Is human blood better than cell lineages as a model for COVID-19 infection?

yes. Taguchi, a professor at Chu University, looks at a COVID-19 infection model that uses the blood of human patients who have been infected with the COVID-19 virus

The year 2020 onwards saw the spread of the COVID-19 pandemic to almost all countries. Although vaccines currently appear to be effective in reducing the death rate of COVID-19, the virus continues to alter the likelihood of another lockdown that continues to rise. In order to avoid these situations, we definitely need effective drugs that have not yet been developed and an effective model of COVID-19 infection.

In our previous articles published in the Open Access Government publication [1,2] We presented our recent efforts to develop effective drugs for COVID-19 using computers.

However, our studies described in previous articles could only use human and mouse cell lines. If we could use measurements directly using human patients with COVID-19, we might be able to get better results.

Using human cell lines to understand COVID-19

Recently, research groups led by Associate Professor Miyata, Ryukyu University, and Professor Ikematsu, National Institute of Technology, Okinawa College, in collaboration with us, used our methods to analyze gene expression in blood extracted from human COVID-19 patients. [3].

This study has advantages and disadvantages when compared to the studies described in previous manuscripts [1,2]. Since it is direct measurement from human patients, the measurement is more direct than using cell lines.

However, since it is not taken from the lung where the infection occurs, but rather from the blood, it is indirect in this sense. Thus, it is unclear whether replacing human lung cell lines with human blood can improve outcome. The only way to know this point is with practical experience.

covid-19 infection model

Practical experience of genetic data sets

The research team downloaded two publicly available data sets, and applied our method that they called PCAUFE to them.

They found that up to 123 genes are differentially expressed between healthy controls and COVID-19 patients in the first data set. Since the total number of human genes is 20,000, 123 genes are very limited and only a small part of them.

To confirm whether this sounds too small, a number of genes have the potential to distinguish COVID-19 patients from healthy controls, the research group built three machine learning models to classify two groups, patients and healthy controls, using only the 123 identified genes; Three models were tested using the second general data set independent of the first data set.

In order to verify the efficiency of classification performance, the research group used the American University in Cairo, which takes 1.00 for the ideal performance and 0.5 for random selection. Three models trained by 123 genes can achieve an AUC of more than 0.9, which means an excellent performance. Although the same procedure is repeated with two sets of data exchanged, that is, the model is trained with the second data set and tested with the first data set, it can achieve similar performance. This means that the results are powerful. Thus, despite the very small number of genes selected, they can successfully distinguish COVID-19 patients from healthy controls.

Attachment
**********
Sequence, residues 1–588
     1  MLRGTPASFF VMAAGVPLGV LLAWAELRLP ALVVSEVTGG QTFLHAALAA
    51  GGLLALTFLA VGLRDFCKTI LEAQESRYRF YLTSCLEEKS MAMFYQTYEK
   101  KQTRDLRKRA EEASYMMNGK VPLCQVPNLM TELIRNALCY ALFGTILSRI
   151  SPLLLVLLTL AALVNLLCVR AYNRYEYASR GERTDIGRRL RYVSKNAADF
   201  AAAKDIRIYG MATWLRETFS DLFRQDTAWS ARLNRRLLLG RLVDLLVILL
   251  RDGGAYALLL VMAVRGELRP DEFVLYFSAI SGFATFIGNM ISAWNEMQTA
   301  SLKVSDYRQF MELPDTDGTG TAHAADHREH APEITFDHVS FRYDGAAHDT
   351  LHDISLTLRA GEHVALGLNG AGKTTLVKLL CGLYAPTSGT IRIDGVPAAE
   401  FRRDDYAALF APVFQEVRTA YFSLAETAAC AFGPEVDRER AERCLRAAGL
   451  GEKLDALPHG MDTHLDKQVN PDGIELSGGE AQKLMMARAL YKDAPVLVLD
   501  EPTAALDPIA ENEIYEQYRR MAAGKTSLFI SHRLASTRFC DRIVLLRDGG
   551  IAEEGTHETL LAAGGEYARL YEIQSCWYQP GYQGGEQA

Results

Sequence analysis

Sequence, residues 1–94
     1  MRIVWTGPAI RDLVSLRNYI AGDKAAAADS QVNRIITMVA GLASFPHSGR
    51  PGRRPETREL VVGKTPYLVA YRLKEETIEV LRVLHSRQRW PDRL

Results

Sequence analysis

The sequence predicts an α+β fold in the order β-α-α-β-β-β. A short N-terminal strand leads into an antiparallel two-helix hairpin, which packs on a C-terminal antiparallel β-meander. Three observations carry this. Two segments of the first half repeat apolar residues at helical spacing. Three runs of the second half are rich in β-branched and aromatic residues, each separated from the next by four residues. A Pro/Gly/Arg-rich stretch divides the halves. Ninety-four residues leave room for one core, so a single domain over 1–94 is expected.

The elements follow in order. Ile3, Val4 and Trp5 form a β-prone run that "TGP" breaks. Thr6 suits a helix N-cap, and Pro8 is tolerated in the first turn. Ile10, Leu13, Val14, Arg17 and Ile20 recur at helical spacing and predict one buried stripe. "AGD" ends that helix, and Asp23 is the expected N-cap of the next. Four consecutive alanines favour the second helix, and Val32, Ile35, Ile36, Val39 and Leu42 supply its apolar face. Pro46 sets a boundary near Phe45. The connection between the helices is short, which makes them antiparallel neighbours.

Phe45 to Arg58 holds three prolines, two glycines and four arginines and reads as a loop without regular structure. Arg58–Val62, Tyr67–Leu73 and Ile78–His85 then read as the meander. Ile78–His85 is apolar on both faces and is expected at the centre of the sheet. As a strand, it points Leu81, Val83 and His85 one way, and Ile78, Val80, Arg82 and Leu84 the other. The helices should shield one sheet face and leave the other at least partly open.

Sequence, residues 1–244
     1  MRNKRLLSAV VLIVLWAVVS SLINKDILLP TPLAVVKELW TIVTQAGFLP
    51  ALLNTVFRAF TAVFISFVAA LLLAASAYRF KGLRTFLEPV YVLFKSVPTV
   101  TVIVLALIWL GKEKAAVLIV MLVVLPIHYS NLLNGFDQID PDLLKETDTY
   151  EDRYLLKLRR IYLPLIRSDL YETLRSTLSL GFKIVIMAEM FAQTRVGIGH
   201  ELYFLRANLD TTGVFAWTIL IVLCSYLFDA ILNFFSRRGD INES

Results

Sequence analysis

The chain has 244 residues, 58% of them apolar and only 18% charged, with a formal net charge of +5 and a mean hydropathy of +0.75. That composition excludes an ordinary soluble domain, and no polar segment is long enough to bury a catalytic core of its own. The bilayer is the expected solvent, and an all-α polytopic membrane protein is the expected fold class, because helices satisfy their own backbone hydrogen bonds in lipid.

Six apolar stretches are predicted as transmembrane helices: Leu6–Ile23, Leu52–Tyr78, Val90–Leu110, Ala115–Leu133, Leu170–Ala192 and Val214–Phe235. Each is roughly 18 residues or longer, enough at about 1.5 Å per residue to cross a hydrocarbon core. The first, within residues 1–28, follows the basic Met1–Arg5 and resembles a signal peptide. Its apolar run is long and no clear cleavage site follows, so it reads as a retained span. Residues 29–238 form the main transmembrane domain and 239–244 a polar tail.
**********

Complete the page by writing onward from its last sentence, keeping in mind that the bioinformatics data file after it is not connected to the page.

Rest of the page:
In addition, to confirm the superiority of PCAUFE, the research group also used other recent methods to select for genes that are differentially expressed between COVID-19 patients and healthy controls. Although the performance of classification using genes selected by the latest methods is comparable with PCAUFE when only the same number of higher-order genes as those identified by PCAUFE are used. While the number of probes selected with the latest methods reaches several thousand to eighteen thousand. Thus, modern methods have less ability to restrict the number of genes used for classification.

enrichment of 123 genes

Next, the research group investigated what kind of functions are enriched in the 123 selected genes. They then discovered that the expression of several immune-related genes present in these 123 genes is downregulated in the blood of COVID-19 patients. In addition, several biological pathways and transcription factors enriched in these genes have been previously reported to suppress COVID-19 patients.

These studies indicate that not only can PCAUFE identify genes whose expression can distinguish between COVID-19 patients and a healthy control (i.e. biomarkers), but it can also identify a limited number of potentially pathogenic genes.

The discovery that patients’ blood samples can be used to investigate COVID-19 disease and establish a COVID-19 infection model is remarkable.

First, if it is not lung tissue but blood can be an effective tissue to be examined, it will be much easier to collect. Collecting a massive number of lung samples from COVID-19 is hopeless, but collecting blood samples is possible. Since blood samples can be used for diagnosis, it is easy to monitor disease progression, enabling us to know when it is appropriate to treat with drugs if indicated.

Unfortunately, the research team has not yet begun to identify potential drug candidates using 123 genes identified, and it will be done soon, they can get promising candidate drug compounds.


[1] yes. Taguchi, how does COVID-19 compete with a computer? Open Access Government, No. 33, Jan (2022) pp. 210-211.

[2] yes. Taguchi, could mice be an effective Covid-19 model animal? Open Access Government, No. 34, April (2022) pp. 112-113.

[3] Fujisawa, K., Shimo, M., Taguchi, YH. et al. PCA-based unsupervised feature extraction for gene expression analysis of COVID-19 patients. Sci Rep 11, 17351 (2021).

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